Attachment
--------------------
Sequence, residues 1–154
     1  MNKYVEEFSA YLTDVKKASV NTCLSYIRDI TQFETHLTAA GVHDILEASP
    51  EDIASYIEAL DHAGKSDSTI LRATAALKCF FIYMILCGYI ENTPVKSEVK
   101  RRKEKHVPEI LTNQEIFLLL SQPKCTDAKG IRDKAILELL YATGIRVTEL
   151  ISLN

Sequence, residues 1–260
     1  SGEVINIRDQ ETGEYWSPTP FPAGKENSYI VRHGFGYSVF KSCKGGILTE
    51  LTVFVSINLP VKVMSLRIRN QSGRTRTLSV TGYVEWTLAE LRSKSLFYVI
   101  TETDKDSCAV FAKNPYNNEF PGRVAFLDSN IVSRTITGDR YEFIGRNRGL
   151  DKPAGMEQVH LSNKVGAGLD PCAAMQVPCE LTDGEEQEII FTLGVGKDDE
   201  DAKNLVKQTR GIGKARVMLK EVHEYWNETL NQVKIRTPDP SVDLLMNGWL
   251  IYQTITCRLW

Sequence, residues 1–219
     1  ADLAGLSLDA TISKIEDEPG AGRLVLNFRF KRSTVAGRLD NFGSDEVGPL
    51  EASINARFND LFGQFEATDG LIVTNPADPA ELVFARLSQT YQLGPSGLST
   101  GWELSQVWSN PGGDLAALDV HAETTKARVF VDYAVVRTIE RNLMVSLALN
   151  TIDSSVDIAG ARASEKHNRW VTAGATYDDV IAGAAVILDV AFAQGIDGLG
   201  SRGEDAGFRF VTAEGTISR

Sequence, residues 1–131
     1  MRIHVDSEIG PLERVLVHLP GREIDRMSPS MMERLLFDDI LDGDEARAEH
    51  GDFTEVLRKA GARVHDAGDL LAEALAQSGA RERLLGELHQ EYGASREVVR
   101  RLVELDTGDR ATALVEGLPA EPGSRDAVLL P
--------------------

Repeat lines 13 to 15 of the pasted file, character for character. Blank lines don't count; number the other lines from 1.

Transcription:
Sequence, residues 1–219
     1  ADLAGLSLDA TISKIEDEPG AGRLVLNFRF KRSTVAGRLD NFGSDEVGPL
    51  EASINARFND LFGQFEATDG LIVTNPADPA ELVFARLSQT YQLGPSGLST